The Business Side of Folk

Do you want to be legit. Or part of the black economy?
 
Income Tax & Accounts
National Insurance – exemption for small income
Public Liability Insurance
Instrument Insurance
Car Insurance
Planning regulations
Marketing & Pricing
Performing Rights & Copyright Issues
Licensing
Risk Assessment

 
DISCLAIMER: Everything on this page is believed to be accurate, and written in good faith, but if in doubt please take independent professional advice. Glosfolk or the writer can in no way be held responsible for any errors or omissions. We would be glad to hear of any additional information that may be of use to Glosfolk performers.

Income Tax & Accounts
All
income is legally liable to Income Tax. So you need to add profit from your folk activities to your tax return. To calculate your profit, take allowable expenses away from income. Hmrcs has free guides to allowable business expenses.
You need a simple profit & loss account. Expenses are either ‘direct’ so much for each gig (say travelling) or ‘indirect’ (say insurance, instrument repairs) I total up all my indirect expenses for the year, and divide by the number of gigs. Normally you do not need to employ an accountant, you can use the simplified form of tax return (unless you are going to earn mega-bucks!)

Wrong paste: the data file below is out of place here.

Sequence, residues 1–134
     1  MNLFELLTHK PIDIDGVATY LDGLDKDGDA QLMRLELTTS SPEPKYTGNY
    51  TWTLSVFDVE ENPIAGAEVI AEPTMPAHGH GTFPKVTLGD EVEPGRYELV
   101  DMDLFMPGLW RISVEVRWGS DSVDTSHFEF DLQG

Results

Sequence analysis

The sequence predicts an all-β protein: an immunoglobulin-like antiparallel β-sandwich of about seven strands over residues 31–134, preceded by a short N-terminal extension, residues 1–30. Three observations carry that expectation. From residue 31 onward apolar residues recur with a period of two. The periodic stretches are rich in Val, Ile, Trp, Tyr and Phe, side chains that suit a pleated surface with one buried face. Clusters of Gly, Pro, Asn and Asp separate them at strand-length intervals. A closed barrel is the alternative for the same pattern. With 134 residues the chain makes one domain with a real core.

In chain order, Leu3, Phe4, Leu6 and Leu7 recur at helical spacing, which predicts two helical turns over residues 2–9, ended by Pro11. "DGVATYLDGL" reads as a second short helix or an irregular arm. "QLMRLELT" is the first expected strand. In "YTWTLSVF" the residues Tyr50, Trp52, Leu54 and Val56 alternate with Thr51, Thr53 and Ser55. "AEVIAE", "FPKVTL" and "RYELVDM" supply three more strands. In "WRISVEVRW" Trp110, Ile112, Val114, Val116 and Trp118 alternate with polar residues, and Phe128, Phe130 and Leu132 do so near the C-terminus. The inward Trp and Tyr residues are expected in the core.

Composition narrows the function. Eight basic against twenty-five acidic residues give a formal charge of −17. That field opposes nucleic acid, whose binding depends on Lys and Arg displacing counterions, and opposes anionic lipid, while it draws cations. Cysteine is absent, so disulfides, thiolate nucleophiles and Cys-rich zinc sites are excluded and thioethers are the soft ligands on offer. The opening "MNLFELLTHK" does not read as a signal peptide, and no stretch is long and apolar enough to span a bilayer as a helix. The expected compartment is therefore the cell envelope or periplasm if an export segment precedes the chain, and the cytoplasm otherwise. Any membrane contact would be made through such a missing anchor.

Hint: hmrcs expect you to make some money from your hobby, so do not try to over inflate your expenses. You are given a tax free allowance, but you may well be using that for your day job, or for your pension. Hmrcs web site is here
 
National Insurance – exemption for small income
Even if you pay National Insurance for your full time job, you are liable for Class 2 contributions on your Self Employed activities. However you can claim exemption if your earnings are classed as ‘small’ (currently less than £5315 ) Details here. Of course if you are over 65 you do not pay National Insurance (60 for women at present).